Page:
Despite millions of orders for voice enabled devices, vendors have yet to map the uncharted territory of voice enabled search and advertising.
Indeed, as voice search expands — to the tune of 50 percent of all searches by 2020 (according to some estimates) — so, too, do opportunities for platforms to cash in beyond products and services. In fact, in an earnings call last year, Google acknowledged voice search will drive industry-wide change, but it did not detail its plans.
These devices are already in a massive (and growing) number of American homes.Amazon’s Black Friday weekend sales saw millions of orders for voice-enabled devices that could help generate $10 billion in additional revenue by 2020, split evenly between device sales and shopping, according to investment bank RBC Capital.
And they’re already being used to make significant numbers of purchases. A study from NPR and Edison Research found 26% of participants use their smart speakers regularly to add to their shopping lists and 57% have ordered an item through their smart speaker. Of these consumers, 59% said they have ordered a new product they have not previously purchased and 49% have reordered an item.
While industry observers like Duane Forrester, vice president of industry insights at data management firm Yext, say initial e-commerce transactions on these devices will likely remain reorders in the near term, that won’t be the case for long.
“There is a huge push… for the holiday season…and with so many new devices coming to market, we’re bound to see an upswing in initial order instances as well,” Forrester said.
And while noting Alexa’s financial impact on Amazon “also carries significant uncertainty” because it’s early days in voice search, RBC said it sees “potential financial tailwind” in additional platform revenue, like the promotion of voice skills.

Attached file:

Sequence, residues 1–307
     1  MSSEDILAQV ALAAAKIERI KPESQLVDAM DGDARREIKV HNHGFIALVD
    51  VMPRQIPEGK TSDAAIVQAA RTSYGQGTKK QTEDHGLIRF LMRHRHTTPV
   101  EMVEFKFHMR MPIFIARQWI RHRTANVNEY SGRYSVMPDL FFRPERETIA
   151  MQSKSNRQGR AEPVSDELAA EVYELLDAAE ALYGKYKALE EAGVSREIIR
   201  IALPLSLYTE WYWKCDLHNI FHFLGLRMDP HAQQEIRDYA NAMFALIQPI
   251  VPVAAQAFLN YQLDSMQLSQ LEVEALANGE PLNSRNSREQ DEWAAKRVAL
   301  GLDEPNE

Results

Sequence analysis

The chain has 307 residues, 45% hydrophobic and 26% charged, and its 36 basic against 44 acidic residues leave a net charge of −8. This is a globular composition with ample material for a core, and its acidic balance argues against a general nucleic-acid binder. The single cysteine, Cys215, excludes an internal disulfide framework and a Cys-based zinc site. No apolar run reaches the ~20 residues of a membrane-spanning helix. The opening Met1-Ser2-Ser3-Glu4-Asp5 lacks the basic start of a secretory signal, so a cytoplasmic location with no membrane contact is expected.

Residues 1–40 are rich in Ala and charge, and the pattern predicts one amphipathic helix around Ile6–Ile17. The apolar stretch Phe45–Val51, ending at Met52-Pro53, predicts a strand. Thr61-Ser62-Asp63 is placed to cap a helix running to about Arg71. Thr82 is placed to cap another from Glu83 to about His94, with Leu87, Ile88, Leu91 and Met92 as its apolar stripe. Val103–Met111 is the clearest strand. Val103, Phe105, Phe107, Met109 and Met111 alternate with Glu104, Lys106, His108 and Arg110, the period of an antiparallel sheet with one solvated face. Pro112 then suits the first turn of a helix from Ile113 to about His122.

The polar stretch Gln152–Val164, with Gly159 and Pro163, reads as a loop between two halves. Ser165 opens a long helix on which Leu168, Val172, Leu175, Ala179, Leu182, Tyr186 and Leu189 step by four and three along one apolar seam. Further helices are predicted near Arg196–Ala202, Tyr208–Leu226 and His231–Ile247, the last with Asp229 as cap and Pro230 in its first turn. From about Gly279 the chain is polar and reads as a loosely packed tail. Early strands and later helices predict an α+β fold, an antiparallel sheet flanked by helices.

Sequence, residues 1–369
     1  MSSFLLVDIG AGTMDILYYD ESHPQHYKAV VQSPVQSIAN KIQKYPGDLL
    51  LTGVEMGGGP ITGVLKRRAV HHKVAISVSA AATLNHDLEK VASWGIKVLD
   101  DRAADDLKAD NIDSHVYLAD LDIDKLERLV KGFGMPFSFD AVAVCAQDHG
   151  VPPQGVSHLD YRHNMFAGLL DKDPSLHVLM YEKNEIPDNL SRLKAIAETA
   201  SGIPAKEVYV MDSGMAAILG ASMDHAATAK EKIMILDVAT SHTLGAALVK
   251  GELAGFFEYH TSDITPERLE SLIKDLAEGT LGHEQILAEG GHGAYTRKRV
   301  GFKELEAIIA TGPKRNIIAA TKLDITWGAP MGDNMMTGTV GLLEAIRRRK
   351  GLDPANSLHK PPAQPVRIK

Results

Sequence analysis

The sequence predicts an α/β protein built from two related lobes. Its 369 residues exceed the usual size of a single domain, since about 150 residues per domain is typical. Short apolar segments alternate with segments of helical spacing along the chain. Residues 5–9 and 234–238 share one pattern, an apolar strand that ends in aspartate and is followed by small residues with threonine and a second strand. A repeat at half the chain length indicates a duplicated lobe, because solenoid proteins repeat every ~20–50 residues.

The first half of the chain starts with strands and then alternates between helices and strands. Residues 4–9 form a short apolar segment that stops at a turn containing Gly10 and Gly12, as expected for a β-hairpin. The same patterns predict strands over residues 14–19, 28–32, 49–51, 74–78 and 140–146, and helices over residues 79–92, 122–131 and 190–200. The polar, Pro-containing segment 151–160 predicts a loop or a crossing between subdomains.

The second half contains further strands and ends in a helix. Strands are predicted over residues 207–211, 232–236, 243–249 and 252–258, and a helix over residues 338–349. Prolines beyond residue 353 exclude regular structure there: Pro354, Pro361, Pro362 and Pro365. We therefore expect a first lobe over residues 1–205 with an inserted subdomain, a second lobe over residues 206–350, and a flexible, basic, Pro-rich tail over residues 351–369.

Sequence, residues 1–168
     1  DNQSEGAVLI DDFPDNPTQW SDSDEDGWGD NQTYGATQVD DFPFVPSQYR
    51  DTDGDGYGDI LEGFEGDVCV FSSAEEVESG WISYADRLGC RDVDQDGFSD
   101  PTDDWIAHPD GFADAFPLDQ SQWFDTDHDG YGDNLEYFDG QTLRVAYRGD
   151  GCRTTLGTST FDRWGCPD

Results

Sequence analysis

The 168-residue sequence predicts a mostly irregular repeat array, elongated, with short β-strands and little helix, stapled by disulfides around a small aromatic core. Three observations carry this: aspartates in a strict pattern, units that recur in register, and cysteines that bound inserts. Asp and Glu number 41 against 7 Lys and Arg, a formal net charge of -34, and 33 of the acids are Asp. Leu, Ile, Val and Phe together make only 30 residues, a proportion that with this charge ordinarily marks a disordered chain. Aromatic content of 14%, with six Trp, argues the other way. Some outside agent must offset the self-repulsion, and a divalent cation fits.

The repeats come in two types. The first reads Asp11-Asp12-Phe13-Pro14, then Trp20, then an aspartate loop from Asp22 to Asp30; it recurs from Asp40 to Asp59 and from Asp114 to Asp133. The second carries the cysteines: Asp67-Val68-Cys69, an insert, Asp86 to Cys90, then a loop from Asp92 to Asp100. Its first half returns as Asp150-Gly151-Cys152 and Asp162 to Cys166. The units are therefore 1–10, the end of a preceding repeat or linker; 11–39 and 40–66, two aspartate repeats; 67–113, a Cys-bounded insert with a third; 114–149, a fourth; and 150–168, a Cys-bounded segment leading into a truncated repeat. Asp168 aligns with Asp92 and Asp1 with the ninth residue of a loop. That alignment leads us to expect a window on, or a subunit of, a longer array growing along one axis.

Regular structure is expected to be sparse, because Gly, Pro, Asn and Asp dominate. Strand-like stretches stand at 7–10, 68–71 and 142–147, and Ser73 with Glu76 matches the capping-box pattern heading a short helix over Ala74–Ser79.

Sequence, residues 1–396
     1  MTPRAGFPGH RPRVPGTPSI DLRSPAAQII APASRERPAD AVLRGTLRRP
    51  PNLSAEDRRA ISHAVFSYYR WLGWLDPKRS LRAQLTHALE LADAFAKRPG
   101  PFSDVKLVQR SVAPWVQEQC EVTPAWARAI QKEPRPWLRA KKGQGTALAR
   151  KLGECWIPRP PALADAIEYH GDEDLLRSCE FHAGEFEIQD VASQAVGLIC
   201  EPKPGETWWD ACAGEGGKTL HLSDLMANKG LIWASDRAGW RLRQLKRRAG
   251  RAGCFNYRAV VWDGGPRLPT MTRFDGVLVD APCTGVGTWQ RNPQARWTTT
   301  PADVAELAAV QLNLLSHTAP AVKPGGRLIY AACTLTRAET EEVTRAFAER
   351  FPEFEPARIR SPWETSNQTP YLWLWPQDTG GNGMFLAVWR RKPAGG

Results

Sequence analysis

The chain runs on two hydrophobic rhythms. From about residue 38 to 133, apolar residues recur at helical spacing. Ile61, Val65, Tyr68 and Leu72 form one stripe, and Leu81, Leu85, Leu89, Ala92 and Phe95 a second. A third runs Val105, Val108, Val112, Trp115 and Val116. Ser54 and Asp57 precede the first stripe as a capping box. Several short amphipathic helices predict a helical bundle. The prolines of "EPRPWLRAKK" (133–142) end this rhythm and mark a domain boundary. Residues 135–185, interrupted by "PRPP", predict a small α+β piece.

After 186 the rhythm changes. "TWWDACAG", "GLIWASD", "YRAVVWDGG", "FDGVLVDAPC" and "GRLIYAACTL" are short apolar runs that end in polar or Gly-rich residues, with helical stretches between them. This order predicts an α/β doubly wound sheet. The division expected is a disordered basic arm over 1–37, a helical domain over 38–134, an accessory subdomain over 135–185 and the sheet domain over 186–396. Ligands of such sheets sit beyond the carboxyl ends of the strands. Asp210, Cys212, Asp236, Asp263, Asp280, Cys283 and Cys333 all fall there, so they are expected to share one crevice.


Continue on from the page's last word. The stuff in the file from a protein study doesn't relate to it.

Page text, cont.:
A Google spokesperson had no further comment. Bing also declined comment.
When asked about its monetization plans, Amazon sent the following statement: “Our focus is on building the best possible experience for our customers and the rest will take care of itself…”
While shopping is one piece of the voice-enabled search pie, it’s hardly the only one. Forrester said he has no doubt search engines have a plan for monetization given the billions of dollars in ad revenue at stake.
And Jacob Davis, head of search at digital marketing agency iCrossing, said interacting with a device like Alexa, in theory, provides a smooth, quick interaction, which is what consumers want, so we’re likely to see platforms continue to invest and advertisers pay attention to “when they can throw money at it.”
But what does an ad look – or sound – like on Echo or Home?
On March 17, Google Assistant reminded some Google Home users that Disney’s Beauty and the Beast was in theaters in a break between traffic and news.
And while Burger King won a Grand Prix at Cannes for an ad that activated the devices with, “OK, Google, what is the Whopper burger?”, and South Park made voice-activated mischief of its own in the premiere of its 21st season, the Beauty and the Beast example is the closest the industry has come to overt advertising in voice-enabled devices to date.
A Google rep, however, said it “wasn’t intended to be an ad” and rather marked Google Assistant “[calling] out timely content.” (It was also reported no money was exchanged for the mention.)
That’s perhaps because there are a number of risks with voice advertising. And first and foremost are consumers resistant to advertising in a new medium.
Tim Eschenauer, group director of search and social at media and marketing services company Mindshare North America, noted users were unhappy with Google’s Beauty and the Beast promo in part because they had already shelled out $130 for the device on which they heard it.
“It’s one thing to run ads on a search engine, which is free – but in terms of personal assistants, this is going to be a challenge for Google if they want to grow share in that particular market from Amazon,” he added.